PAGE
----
The Canadian crop sabotage crisis first arose when an undisclosed number of needles were found in potatoes. Fortunately, manufacturers can use x-ray technology to inspect whole potatoes for contaminants such as golf balls, rocks, stones and needles at the beginning of the production line before further processing to guarantee safety and quality.
The X3735 x-ray system is a high detection sensitivity solution, with an integrated conveyor designed to inspect tall, rigid packaged products in a wide range of applications.
If you have a problem contaminant that cannot easily be removed with processes like microfiltration, granular activated carbon or reverse osmosis, then the UV advanced oxidation process (UV AOP) might just be the ideal solution.
Nitrogen and phosphorus are two wastewater constituents that, together, pose one of the most high-profile threats for consumers and the environment. An abundance of these elements is what ultimately leads to the formation of toxic algae in surface waters, an environmental issue that regularly gains mainstream headlines and, in some cases, poses an acute health risk to consumers.
Rising temperatures and precipitation combined with increasing nutrient runoff from human activity are elevating challenges in water treatment efforts. In some cases, that means increased threats to drinking water quality. In others, it means increasingly stringent nutrient discharge levels. Either way, taking the nutrient monitoring battle out to the field can help in waging a better fight at the treatment plant.
Kara Goldin dreamt up her beverage brand Hint in 2005 after growing frustrated with the lack of sugar-free soda alternatives in industry. In this video, Goldin shares the daily practices that allow her to be a stellar CEO, including one very calming morning practice.
World Water Day (Thursday, March 22nd this year) does a great job of focusing our attention on water issues. And especially with storms on the East Coast and drought in the West, not to mention the looming possibility that officials will have to shut off the taps in Cape Town sometime this summer, a lot of the messaging around water is pretty much like being smothered in a wet blanket.
Innovation is vital in the water industry and continually moving ahead is a must — even if the company you're trying to surpass is your own. By listening to a wide range of customers and distribution chain partners, Mazzei Injector Company upgraded its revolutionary Pipeline Flash Reactor (PFR) and introduced it to the marketplace with great impact.
Water utilities around the country are trying to get a handle on their PFAS problem. While the presence of legacy PFAS is well known, lesser understood replacements such as short-chain PFAS are emerging as a major issue. The short-chain compounds are particularly important because they can be more difficult to remove. In this Water Talk interview, Adam Redding, technical director for drinking water solutions for Calgon Carbon, discusses the science and economics behind effective solutions for treating water for short-chain PFAS and other contaminants.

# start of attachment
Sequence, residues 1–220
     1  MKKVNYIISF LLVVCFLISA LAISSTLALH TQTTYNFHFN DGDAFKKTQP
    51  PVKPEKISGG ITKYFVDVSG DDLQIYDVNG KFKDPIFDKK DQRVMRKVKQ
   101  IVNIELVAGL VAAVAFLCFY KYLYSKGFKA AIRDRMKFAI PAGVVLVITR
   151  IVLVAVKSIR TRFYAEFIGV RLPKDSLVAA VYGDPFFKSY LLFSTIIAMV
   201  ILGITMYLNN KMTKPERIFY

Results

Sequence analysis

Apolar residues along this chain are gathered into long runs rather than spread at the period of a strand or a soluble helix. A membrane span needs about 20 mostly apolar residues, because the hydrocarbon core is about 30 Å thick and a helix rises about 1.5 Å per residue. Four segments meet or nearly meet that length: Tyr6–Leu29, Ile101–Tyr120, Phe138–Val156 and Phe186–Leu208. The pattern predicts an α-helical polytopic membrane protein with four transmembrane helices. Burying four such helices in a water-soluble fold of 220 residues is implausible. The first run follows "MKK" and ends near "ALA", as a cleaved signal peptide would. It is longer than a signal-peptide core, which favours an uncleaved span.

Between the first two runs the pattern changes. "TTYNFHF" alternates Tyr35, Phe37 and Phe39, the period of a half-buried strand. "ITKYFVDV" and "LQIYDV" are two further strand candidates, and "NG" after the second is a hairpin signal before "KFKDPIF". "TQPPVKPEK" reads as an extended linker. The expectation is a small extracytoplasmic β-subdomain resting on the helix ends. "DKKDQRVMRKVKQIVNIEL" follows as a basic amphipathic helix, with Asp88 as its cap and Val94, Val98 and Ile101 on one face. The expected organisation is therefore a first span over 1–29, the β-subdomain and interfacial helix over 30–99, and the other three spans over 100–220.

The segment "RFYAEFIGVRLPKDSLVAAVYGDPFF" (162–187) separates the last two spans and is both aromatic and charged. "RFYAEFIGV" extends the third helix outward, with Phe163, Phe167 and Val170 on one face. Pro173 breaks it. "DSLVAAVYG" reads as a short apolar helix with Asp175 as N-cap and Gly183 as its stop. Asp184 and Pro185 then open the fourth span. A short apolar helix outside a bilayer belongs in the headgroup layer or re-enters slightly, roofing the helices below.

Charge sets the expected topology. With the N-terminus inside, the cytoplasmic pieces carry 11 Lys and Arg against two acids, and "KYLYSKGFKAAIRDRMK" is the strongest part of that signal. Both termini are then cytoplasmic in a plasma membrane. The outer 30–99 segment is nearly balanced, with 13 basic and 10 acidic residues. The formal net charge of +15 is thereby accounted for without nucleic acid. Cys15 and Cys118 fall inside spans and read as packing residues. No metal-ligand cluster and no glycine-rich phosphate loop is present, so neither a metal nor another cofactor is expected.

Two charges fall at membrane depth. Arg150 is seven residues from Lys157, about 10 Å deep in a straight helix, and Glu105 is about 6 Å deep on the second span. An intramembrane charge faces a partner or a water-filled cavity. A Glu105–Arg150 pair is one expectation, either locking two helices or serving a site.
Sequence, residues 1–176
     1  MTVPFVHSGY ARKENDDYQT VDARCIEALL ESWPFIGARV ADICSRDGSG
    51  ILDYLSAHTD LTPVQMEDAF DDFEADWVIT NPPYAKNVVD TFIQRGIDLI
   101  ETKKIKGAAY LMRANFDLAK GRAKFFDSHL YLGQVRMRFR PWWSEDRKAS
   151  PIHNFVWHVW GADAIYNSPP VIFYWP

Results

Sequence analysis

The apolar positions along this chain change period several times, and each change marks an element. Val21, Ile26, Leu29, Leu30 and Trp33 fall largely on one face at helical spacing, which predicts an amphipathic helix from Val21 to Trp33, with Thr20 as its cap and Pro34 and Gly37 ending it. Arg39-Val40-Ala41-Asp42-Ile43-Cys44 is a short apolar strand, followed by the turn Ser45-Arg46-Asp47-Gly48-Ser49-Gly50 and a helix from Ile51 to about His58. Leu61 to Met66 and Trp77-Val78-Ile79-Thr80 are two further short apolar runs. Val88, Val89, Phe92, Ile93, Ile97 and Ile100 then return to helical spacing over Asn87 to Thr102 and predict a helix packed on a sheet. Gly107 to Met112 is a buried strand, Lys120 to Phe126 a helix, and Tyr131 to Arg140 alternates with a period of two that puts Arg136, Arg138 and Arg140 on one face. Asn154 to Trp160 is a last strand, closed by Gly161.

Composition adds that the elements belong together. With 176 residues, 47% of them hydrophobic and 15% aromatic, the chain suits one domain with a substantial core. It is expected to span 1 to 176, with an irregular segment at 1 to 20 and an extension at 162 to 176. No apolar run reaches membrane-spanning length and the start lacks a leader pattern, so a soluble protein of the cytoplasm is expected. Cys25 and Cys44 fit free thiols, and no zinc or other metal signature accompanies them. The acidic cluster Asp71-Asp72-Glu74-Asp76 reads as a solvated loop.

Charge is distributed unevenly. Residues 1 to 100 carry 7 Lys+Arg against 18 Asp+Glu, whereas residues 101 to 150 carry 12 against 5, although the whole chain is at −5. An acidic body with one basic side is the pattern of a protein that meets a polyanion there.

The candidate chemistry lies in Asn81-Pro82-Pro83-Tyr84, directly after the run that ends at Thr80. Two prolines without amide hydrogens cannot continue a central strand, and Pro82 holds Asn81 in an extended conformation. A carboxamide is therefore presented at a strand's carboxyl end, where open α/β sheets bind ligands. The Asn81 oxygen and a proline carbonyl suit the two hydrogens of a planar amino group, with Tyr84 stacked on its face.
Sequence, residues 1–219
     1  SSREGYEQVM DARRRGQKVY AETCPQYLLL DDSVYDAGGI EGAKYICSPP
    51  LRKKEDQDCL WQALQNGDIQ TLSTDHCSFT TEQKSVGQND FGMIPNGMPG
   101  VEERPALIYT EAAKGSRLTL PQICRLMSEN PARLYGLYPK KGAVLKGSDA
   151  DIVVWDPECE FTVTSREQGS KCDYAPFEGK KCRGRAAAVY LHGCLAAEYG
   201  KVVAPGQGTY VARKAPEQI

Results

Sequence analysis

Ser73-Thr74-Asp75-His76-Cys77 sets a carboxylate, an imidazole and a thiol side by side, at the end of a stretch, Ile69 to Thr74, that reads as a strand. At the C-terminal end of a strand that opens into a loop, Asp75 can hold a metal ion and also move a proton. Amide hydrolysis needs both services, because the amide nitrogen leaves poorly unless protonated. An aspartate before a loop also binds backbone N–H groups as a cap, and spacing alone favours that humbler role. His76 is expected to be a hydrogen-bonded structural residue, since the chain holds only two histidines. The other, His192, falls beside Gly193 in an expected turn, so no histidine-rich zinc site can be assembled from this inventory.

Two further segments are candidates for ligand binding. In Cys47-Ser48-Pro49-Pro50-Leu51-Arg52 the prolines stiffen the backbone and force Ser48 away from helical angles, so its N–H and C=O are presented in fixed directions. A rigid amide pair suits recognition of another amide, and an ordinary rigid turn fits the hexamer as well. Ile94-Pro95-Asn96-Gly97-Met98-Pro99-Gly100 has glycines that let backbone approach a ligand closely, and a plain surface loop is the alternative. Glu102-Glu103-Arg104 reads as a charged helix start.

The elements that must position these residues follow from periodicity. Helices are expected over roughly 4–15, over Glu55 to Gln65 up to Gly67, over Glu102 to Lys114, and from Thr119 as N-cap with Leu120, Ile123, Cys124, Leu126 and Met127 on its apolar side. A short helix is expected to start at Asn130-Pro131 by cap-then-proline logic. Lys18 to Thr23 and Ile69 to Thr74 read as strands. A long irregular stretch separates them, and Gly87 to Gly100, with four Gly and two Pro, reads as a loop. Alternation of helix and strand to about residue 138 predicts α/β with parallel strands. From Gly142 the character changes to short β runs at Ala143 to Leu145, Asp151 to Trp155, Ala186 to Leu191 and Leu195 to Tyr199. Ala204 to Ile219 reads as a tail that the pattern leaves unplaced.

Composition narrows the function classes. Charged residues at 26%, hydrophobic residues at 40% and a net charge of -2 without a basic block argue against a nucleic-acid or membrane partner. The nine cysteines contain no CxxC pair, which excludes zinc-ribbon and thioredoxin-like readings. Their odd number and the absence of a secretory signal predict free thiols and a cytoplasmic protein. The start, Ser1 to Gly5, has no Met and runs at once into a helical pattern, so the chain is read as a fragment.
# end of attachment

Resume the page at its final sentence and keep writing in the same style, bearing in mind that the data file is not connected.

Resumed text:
The gas detection camera technique has a wide range of potential uses in the petrochemical industry, all of which have positive benefits for the owner of the plant. It is an accepted Alternate Work Practice in the Method 21 leak detection procedure and has clear time and cost benefits over the conventional VOC meter or sniffer method. Although limited to a certain extent by environmental conditions, the camera has proven many times that it can identify leaks at some distance thereby reducing the cost of surveys by removing the requirement to provide access to every potential leak path.
With a growing effort to ‘go digital’ in the global water industry, distribution and wastewater managers risk data inundation. But data sources from SCADA systems, pressure loggers, and stand-alone sensors can unlock valuable insights for more efficient operations and maintenance. Learn how to structure your system to avoid data flooding.
District Sales Engineer Andy Singer has spent enough time troubleshooting problems in the field that not much surprises him anymore. When it comes to dry barrel fire hydrants, though, he still gets a chuckle out of some of his more outrageous experiences. Here is his educational and entertaining take on the care and maintenance of fire hydrants, and ways to maximize a utility’s return on what potentially can be a 50+-year infrastructure investment.
The cost of water delivered to customers is as much about the energy needed to move it as the chemicals required to treat it. Balancing water chemistry, infrastructure costs, and energy consumption is key to optimizing the overall cost of operation. Experience shows that some astute water suppliers are closer to achieving their ideal outcomes than most people realize. Here are some insights into how that works.
When you think about areas of the world where people have limited access to clean water, I’m guessing hot, sunny, arid climates come to mind. In an interesting twist, a couple of innovations are using those exact conditions to create potable water.
Potable reuse of wastewater has gone by many different names, some of them unflattering, like “toilet to tap.” Despite the clear benefits of water reuse, this so-called “ick factor” has slowed the adoption of technology that can transform wastewater into drinking water.
Going through the motions of water sample testing for regulatory reporting requirements is only half the battle. It is also important that water operators use appropriately qualified reference materials and procedures to ensure the accuracy and reliability of their results. Here are some insights into reference-material evaluation that can generate the highest confidence in water testing results.
In the field of cell and gene therapy, there are two main types of viral vectors: adeno associated virus (AAV) and Lentivirus (LV). The manufacture of these vectors is dependent on the regulatory requirements dictated by its end use. This blog outlines the challenges for optimization of scaled-up LV manufacturing processes and new technologies being used to solve these challenges.